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23rd September Part-3: Daily News Analysis
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Rishab Arora
Graduate in Economics. Gold medal in Dissertation, Prepared various documents on Demonetisation and GST, Share-trading and many more

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mam phrasal verb open nhi ho rha hai
  1. Is repayment a challenge?' Critics of the scheme say that too many best practices in loan origination have been neglected while authorising and disbursing loans. Earlier this year, the CBI registered a case against a former official of Punjab National Bank for alleged abuse of official position in sanctioning and disbursing 26 Mudra loans amounting to 65 lakh. * Even if loans are sought by business owners genuinely seeking growth and bankers disburse them with an eye on economic development, ensuring repayment is still a challenge. First, these loans are unsecured - a collateral that could protect the interests of the bank is not required, unless an asset that is purchased can itself serve as collateral. The scheme is meant for those who need small amounts, but do not have access to such funds, but the very nature of the business of such borrowers is susceptible to volatility and annual cycles, not to mention the itinerant ways of some business owners, such as vegetable vendors. They may choose one location for their place of business on a day, and another elsewhere in their city the next day. Further, the public banking system may not be staffed for work this may entail. When it comes to collection, bank staff may choose to go after one loan with outstanding of 10 lakh, for example, rather than 10 loans of 1,00,000 each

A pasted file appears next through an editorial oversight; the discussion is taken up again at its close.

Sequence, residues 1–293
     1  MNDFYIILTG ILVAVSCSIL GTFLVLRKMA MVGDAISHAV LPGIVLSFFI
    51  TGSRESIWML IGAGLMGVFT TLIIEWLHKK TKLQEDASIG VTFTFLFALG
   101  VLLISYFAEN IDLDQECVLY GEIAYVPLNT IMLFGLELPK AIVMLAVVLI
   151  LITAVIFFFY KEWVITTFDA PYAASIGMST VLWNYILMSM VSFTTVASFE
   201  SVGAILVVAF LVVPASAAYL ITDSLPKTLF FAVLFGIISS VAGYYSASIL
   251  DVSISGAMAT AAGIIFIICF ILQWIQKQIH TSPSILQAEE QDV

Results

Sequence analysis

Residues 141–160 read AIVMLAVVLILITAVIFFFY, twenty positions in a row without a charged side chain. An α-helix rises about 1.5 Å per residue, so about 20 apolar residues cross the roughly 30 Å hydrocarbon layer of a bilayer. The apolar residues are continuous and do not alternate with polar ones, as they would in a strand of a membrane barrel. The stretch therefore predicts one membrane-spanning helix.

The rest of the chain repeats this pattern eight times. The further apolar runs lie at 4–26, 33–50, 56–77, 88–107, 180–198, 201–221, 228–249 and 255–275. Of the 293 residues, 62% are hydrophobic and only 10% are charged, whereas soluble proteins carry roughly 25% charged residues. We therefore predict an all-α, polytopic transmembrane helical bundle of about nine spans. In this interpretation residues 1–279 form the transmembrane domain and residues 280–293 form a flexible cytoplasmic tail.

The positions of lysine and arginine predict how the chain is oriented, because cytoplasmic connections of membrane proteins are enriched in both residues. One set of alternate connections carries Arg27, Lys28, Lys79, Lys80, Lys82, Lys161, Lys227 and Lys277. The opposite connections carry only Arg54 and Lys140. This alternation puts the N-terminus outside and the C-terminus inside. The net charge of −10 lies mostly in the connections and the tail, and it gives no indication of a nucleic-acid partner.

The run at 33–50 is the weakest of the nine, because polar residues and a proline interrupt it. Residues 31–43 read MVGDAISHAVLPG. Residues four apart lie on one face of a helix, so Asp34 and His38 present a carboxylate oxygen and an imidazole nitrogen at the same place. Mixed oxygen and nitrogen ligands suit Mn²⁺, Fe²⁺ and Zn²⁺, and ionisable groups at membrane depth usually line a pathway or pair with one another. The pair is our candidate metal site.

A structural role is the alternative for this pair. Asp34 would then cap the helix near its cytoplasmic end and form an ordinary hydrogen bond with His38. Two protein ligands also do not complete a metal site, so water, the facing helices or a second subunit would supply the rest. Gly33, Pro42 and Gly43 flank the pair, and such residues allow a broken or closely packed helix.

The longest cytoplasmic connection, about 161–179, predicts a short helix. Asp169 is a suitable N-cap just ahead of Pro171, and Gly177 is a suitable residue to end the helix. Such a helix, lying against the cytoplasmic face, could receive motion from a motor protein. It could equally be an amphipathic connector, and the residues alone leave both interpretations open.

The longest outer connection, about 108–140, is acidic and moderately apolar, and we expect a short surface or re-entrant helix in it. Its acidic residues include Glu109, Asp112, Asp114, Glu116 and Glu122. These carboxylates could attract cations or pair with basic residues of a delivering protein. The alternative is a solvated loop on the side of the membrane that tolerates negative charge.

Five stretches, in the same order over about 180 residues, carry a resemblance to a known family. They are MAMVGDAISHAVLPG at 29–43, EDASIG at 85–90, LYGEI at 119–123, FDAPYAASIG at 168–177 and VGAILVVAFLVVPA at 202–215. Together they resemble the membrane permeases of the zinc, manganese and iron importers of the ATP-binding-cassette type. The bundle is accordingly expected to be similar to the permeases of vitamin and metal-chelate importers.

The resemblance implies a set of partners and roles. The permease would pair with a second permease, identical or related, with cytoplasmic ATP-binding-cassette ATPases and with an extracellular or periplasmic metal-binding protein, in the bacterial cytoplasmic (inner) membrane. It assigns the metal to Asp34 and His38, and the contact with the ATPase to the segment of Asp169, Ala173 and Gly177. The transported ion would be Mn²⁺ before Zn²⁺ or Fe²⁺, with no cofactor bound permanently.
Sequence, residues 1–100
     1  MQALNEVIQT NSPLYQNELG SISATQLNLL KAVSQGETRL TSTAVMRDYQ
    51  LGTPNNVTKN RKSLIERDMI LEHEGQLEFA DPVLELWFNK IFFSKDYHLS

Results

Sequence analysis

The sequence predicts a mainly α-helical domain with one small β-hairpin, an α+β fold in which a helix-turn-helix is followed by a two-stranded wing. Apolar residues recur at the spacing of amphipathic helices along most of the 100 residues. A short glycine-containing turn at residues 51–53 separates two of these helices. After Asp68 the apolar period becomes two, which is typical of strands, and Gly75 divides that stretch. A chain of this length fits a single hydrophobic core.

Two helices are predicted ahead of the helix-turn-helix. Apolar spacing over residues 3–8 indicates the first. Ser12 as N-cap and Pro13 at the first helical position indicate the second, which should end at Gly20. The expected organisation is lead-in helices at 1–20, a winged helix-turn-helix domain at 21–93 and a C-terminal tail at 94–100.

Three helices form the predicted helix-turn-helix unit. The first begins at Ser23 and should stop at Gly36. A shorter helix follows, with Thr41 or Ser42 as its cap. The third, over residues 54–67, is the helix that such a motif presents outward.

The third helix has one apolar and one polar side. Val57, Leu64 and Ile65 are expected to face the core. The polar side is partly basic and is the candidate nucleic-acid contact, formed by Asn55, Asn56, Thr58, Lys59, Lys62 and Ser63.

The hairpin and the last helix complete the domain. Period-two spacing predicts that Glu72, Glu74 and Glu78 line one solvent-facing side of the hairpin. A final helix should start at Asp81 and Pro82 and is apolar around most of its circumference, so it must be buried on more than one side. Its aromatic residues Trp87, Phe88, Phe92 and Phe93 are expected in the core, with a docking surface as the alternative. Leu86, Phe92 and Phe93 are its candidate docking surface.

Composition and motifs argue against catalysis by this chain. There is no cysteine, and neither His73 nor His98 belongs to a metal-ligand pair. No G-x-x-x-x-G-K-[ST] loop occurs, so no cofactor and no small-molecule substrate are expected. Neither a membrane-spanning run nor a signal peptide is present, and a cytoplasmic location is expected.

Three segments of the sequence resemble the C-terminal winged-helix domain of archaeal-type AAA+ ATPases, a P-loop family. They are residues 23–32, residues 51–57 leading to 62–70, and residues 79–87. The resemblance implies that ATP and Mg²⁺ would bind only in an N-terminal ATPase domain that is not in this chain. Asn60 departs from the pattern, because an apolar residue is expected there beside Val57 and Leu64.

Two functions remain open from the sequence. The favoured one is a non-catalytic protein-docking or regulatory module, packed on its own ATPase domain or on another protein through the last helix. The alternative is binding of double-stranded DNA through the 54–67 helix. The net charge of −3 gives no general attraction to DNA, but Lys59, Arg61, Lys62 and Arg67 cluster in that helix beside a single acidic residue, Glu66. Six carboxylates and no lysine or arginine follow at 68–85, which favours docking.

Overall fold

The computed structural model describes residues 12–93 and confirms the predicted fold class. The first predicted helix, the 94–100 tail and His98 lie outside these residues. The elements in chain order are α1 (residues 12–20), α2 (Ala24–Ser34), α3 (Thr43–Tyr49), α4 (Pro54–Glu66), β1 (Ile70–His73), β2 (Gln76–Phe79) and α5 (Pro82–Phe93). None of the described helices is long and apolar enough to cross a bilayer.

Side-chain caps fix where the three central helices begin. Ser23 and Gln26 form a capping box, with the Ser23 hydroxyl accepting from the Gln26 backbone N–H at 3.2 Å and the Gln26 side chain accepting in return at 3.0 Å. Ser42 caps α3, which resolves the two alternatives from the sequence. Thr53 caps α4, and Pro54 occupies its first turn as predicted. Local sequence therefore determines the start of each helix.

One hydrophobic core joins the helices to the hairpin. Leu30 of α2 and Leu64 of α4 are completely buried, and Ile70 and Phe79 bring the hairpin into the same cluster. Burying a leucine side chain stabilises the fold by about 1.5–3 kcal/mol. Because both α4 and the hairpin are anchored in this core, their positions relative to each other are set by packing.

2. What is the average loan size? Loans under the Mudra scheme are disbursed under three heads, starting from loans up to #50,000 and going up to 10 lakh. About 32.53 lakh crore had been sanctioned for about 4.81 crore PMMY loans under all three heads in the financial year 2017-18. The average size of a sanctioned loan stood at Rs. 52,706 for the year. The State Bank of India recently said it had disbursed Rs. 28,556 crore under the PMMY scheme in FY18. Non-performing assets arising out of this scheme is about 5.2% for India's largest bank, a figure that the bank views as being under 'acceptable limits' The website dedicated to PMMY does not indicate the quantum of loans that have soured or details of collections. In May, the government said a total of 76 lakh crore had been disbursed to 12 crore beneficiaries under the Mudra scheme since its inception in 2015. Of these, 3.25 crore were first-time entrepreneurs and 9 crore borrowers were women